"On doit savoir que le Nil an sortir de la Nubie renconrre la Montagne de Gianadel, dont les Rochers pointus and escarpez changent la lenteur de son cours: l'enceinte des cataractes est de 50 stades d'etendue; c'est une pente droite, enfermee de rochers and de valees; le Nil passant au milieu and seprecipiant de la pointe de ces roches fait un horrible fracas: tellement que ces cataractes tombent de la hauter de 200 pies non en droite ligne, mais obliquement..."

(p. 351. Vol. 1. A Pherotee de la Croix. Relation Universelle de l'Afrique, Ancienne et Moderne. Lyon. 1687)

Below, a map of the second cataract (1814, John Pinkerton. Pinkerton's Modern Atlas. London) showing a Jebel Mangandal on the west side of the Nile, south of Wady Halfa, perhaps this is the "Montagne Genadil" of French texts (1687, 1821) cited from above? That is to say the Man- of Mangandal was _in error_, rendered into French as Montagne (Mountain)? Its "correct" rendering is Mangandal not Montagne Genadil?
Below, I have added in ink, the location of the 1st and 2nd Cataracts of the Nile near Aswan and Wadi Halfa, noting the location of the village of Wadi el Gineina, alternately Wady al Junaynah. The Second cataract is called el Gianadal according to Lizars 1831 map, above (note: a number of villages on the Nile bear the name Wadi, as in Wadi/Wady Halfa near the 2nd Cataract)
Below, a map showing ancient Middle Kingdom Egyptian forts controlling the area south of the Second Cataract:
Below, a photo of "white water" at the Second Cataract circa 1954:
Below, a panorama of some of the basaltic rocks with silt sediments in the Second Cataract (1880's), French texts describe the Gianadel as the "Grande Cataract" in contrast to all other cataracts:
Below, an artist's "imaginative" somewhat "romanticised" sketch (1841) of a panoramic view of the Nile from the Second Cataract's rapids to the Mediterranean Sea, "mountains" are shown on either side of the Nile at the Second Cataract:
The below map is a "highly detailed" drawing of the islands and rocks found in the second cataract region (from Gaston Maspero's History of Egypt, Chaldea, Syria, Babylonia, and Assyria by Grollier Publishers, London, 1906, 13 volumes), the town of Wady Halfa being in the upper right corner. Note that the 1831 map (cf. above) places the 2nd cataract called Gianadel _north_ of Wadi Halfa. Could the island of Kenesab S. of Wady Halfa preserve Ken, Kens, Gi'chon?

Below: an aerial photo showing the basaltic rock formation lining the Nile which contributes the basaltic rocks and boulders found in the Second Cataract region (the blackened area is pretty much "the length" of the Second Cataract region), reckoned by some as either 9 miles (Churchill, 1899) or 16 miles (Edwards, 1890). Is this black basaltic (granite) region "the Mountain" of Gianadel or Jan-Del of texts of the 17th-19th centuries AD? If so, and "if" the Gihon is Gianadel/Jan-del, then "the river _of_ Gihon" may have taken (?) its name from this granite mountain through which the Nile cut its channel. Note how it "winds about" (twists and turns) or "encompasses" the land of Cush as described in the Bible:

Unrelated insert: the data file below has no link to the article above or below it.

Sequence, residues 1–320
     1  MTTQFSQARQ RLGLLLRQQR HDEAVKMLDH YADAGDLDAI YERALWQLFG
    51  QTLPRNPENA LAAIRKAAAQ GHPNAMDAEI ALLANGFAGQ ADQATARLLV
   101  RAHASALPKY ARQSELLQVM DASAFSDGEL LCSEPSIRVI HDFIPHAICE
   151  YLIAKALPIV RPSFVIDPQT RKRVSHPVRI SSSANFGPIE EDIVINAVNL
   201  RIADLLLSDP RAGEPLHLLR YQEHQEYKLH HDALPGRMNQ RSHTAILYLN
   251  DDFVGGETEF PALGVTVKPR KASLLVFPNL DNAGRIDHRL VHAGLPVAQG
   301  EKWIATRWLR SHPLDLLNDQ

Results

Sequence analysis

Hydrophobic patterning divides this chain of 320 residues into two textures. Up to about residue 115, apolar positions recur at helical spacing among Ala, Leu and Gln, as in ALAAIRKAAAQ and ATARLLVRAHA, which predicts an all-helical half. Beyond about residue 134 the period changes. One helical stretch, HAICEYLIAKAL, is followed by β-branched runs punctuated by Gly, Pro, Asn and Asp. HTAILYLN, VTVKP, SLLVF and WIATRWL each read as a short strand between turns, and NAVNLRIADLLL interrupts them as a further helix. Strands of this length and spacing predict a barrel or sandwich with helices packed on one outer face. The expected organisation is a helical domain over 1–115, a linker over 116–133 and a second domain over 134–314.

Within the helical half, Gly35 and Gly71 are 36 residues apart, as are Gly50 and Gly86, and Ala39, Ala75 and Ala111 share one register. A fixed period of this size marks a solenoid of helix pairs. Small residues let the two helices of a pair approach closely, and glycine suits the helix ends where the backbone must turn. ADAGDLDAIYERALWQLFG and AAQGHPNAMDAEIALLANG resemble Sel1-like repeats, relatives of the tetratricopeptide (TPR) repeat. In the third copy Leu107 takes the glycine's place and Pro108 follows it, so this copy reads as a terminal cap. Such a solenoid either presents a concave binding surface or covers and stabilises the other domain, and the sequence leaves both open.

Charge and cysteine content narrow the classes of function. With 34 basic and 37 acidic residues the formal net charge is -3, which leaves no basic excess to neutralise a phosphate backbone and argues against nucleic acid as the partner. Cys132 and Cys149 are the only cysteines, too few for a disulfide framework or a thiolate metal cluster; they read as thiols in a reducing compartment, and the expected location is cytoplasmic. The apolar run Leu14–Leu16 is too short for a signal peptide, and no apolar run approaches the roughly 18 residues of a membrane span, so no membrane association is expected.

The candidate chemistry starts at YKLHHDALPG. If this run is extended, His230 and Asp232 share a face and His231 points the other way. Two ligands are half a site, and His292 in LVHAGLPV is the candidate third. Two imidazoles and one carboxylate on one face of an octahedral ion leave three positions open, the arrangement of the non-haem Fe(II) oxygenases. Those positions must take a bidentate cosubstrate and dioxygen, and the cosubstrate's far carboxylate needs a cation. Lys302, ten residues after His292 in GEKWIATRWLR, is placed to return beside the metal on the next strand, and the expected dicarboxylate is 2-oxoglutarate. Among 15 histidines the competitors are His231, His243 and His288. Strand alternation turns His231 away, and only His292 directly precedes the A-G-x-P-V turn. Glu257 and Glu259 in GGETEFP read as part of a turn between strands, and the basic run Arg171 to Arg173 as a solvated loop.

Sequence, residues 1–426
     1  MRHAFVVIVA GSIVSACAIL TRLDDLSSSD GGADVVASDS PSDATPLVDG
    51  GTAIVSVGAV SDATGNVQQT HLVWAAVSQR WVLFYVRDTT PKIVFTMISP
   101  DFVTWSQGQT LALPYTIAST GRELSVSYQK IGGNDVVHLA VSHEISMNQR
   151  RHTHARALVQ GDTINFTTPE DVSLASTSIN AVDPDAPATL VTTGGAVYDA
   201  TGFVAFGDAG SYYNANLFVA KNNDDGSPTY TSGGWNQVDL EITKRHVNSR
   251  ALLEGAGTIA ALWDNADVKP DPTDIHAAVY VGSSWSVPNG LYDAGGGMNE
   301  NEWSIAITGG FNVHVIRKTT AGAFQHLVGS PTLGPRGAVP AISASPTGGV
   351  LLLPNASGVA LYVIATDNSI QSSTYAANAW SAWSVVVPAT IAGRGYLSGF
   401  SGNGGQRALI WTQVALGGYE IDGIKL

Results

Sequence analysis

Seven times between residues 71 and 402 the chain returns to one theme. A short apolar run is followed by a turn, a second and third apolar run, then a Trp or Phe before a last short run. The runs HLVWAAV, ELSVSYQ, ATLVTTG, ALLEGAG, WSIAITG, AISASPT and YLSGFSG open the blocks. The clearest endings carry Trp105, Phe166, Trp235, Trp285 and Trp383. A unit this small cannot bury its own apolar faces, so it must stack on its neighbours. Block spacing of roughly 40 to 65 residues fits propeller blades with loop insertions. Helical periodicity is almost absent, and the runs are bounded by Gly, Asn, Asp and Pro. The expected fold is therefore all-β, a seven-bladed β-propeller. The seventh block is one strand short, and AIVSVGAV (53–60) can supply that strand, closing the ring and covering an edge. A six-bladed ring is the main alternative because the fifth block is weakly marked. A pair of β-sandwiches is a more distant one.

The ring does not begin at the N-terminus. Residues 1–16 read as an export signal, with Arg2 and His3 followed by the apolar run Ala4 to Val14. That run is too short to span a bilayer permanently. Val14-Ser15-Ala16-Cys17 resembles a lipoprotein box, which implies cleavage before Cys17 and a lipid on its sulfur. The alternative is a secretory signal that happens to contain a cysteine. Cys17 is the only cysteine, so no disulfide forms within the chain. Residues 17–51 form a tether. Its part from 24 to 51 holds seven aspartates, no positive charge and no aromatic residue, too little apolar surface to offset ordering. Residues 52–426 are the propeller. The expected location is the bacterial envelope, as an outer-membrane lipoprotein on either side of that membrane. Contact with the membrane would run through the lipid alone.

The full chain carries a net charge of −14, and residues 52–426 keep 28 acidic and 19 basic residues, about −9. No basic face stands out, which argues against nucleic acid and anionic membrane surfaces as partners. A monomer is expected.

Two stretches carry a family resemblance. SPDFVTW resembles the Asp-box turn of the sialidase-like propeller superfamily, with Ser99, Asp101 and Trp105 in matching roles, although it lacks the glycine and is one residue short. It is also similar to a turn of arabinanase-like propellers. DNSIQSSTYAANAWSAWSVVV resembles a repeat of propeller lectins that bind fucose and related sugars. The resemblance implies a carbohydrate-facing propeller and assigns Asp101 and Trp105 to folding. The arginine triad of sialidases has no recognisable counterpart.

"The name of the second river is Gihon; it is the one which flows around the whole land of Cush."

Genesis 2:13 RSV

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Below, the British Army, November 1884, using tow ropes, pulling boats up the Nile through the Second Cataract's rapids
(a wind blowing from north to south allows Arab sailboats to sail up the Nile, against its current, as far as the Second Cataract, their sails are in the distance in this picture.
Below, the crag of Abou Seer (Abusir) overlooking the Second Cataract area.
Below, a sketch of Abusir (?), a crag towering over the Second Cataract area, a favorite spot for tourists to get a panoramic view of the Second Cataract and its rapids:
Below, a romanticised rendering of the crag of Abusir (?) overlooking the Second Cataract.
Below, "white water" descending or "falling" at the Second Cataract.
In 1843 El Gianieh (1798/1828 maps) was described as a "Nubian village" (German: nubische dorfchen) near the palm tree covered island of Philae:

"Zwischen diesen Bergen ist der Nil eingezwangt, ein dunkler Spiegel, wie unser Alpensee'n. Links sahen wir den Minaret de Moschee von Anbea, rechts das nubische Dorfchen el Gianieh und zwischen beiden eine Insel mit Palmen, uber deren Gipfel hoch empor die Pylonen der Tempel ragten, umgeben von Saulen und Trummern. Es ist Philae, die Zaubeinsel."

(p. 196. Joseph Russegger. Reisen in Europa, Asien und Africa... Zweiter Band (Volume Two): Reisen in Egypten, Nubien und Ost Sudan. Stuttgart. E. Schweizerbart'sche Verlagshandlung. 1843)

For those who don't read German, a rough translation or paraphrasing:

This is a German Travel Guide and apparently the author (the Guide) is on the east side of the Nile facing west. On his left (links) is the Mosque of Anbea with tombs, to his right (rechts) is the Nubian (Nubians are Cushites) village of El Gianieh, between these two locations, in the midst of the Nile, lies the palm tree laden island of Philae with its ruins; he briefly describes the Ptolemaic Era Philae temple's architectural features mentioning its pylons. He metaphorically describes the Nile here as between mountains, the scene recalling for him an Alpine lake (see) in the Alps mountains, its water like a dark reflecting mirror.

Conclusions (01 April 2010)

This "work in progress" (06 Jan. 2007 to 01 April 2010) has attempted to find the presence of a word associated with the Nile in Cush that "might" preserve the Hebrew Gihon (Greek Septuaginta: Geon).

Several proposals have been made:

(1) As Cush was called Ta Kens, Wadi Kenous might preserve the name (map of 1843); the Coptic Boharic recension of the Septuagint: Pi-Keon, and Moses of Chorene: Kehon.

(2) The 2d cataract of the Nile being called Gianadel might preserve Gihon (maps of 1812 and 1831).

(3) The village of El Gianieh on the south side of the 1st Cataract might preserve Geon/Gihon (map of 1828, survey 1798)